Gastonia Host Meeting May 3 for Public Comment on Neighborhood Map Redesign
Residents of Gastonia will have the opportunity on Tuesday to tell city leaders what they think of a reshuffle of electoral maps that divide the city by neighborhoods and play a role where elected officials must live.
The meeting will be held at 6 p.m. on Tuesday, May 3 at Gastonia City Hall located at 181 S. South St.
“The public hearing will provide residents with an opportunity to review the proposed redistricting plans and provide input before any decisions are made,” said Quentin McPhatter, Deputy City Manager of Gastonia.
Gastonia’s uneven population growth over the past 10 years has created a population imbalance between the city’s six neighborhoods. One city council member comes from each of the six wards, although city voters vote for candidates regardless of which ward they live in.
Gastonia experienced a growth of 12% – 71,741 inhabitants to 80,411 inhabitants – between the 2010 and 2020 censuses.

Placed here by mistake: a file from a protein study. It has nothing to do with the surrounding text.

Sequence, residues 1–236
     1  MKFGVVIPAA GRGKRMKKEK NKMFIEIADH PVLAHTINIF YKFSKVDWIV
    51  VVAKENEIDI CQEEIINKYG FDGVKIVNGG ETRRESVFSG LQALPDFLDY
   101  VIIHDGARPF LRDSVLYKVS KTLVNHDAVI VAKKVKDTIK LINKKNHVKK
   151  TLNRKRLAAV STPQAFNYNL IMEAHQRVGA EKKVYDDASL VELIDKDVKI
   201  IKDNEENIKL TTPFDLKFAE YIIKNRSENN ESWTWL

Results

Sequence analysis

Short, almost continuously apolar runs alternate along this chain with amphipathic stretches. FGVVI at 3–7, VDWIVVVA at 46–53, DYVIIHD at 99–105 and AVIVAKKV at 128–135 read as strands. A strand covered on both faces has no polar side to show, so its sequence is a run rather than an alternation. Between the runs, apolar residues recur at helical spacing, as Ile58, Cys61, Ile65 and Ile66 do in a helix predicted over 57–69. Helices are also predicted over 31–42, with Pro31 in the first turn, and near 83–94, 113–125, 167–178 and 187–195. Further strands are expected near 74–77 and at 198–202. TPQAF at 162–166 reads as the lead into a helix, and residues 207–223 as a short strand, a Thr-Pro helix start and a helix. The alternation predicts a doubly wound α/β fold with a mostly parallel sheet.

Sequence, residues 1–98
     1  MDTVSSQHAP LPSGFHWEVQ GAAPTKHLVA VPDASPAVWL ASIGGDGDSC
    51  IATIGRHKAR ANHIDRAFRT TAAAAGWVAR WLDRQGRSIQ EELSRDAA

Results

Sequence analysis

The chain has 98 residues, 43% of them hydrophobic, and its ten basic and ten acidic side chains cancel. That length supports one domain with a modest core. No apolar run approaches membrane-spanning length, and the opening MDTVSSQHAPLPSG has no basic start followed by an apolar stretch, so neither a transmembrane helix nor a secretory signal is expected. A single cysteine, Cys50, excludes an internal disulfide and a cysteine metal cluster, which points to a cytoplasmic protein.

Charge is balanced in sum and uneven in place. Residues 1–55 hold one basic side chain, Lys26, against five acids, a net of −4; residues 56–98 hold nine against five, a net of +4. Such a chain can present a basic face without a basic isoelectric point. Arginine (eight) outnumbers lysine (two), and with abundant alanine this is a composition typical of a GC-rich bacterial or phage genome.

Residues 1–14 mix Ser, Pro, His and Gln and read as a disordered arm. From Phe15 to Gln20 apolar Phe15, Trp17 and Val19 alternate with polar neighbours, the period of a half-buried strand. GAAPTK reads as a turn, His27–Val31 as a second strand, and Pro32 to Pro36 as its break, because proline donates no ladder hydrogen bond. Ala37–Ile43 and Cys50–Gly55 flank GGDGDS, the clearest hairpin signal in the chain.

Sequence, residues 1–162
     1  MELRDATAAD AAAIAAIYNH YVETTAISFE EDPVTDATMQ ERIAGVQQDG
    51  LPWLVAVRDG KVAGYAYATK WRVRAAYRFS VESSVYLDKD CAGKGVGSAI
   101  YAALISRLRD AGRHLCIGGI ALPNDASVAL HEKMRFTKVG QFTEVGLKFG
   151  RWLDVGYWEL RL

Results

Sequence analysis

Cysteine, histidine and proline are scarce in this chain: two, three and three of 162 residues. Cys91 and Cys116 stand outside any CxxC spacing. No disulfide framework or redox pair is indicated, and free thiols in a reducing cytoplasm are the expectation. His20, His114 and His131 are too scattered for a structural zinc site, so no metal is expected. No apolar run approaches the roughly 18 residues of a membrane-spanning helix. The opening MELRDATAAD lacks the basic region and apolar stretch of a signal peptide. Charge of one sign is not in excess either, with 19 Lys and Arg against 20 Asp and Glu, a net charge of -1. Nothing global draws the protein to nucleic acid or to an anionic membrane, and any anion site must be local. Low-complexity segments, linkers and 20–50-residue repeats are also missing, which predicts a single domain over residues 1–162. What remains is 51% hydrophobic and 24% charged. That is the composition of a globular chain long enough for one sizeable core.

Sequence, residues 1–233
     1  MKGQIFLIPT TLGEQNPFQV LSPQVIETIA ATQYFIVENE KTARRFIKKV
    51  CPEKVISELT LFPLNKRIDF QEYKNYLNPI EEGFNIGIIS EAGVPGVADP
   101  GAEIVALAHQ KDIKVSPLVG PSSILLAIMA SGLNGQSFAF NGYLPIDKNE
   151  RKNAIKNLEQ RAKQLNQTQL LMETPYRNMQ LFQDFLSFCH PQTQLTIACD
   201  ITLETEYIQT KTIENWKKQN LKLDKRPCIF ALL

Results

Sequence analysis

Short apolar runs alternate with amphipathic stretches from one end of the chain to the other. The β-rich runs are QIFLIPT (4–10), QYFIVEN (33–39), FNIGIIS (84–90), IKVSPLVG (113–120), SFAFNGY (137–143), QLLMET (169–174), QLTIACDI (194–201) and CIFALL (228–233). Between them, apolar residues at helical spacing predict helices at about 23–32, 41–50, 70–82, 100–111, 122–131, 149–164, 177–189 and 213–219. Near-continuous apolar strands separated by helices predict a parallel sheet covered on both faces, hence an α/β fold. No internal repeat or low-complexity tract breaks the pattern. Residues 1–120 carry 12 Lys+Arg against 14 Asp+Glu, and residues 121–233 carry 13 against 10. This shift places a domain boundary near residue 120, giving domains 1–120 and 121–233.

But some neighborhoods — wards 1 and 3 in southeastern Gastonia — saw more growth, while wards 4 and 6 in western Gastonia had less.
At Tuesday’s meeting, the city will present different map scenarios of the redistricting plans for residents to provide input. The city has provided an interactive online map of map scenarios for each neighborhood that residents can view in advance.
How does Gastonia redraw neighborhood maps?
The city has partnered with the Centralina Regional Council to help make the process transparent and easier to understand.
The process began on February 1 and will end on Tuesday, May 3.
The city worked with Centralina Regional Council to analyze 2020 census data, collect local GIS data, and examine ideal scenarios for the size of each neighborhood.
Throughout the process, the city determined that each neighborhood should have a population of approximately 13,402.
The city will consider two scenarios, scenarios A and C, to redraw the maps that will modify the borders of the six districts.
The new maps will represent a population close to the ideal size for each ward, which includes approximately 13,402 residents in each ward.
Online maps show residents existing neighborhoods against unique redistricting scenarios that are being considered for adoption.
What is redistricting?
The city is redrawing district boundaries to ensure voting power and representation in each ward will be based on the most current demographics.
Why is the city redrawing neighborhood maps?
Redistricting is mandatory under the Equal Protection Clause of the 14th Amendment of the United States Constitution.
Redistricting is also a federal and state-mandated process for communities with district-based voting to ensure an equal distribution of representation.
Contact Janiya Winchester at 980-319-6819 or [email protected]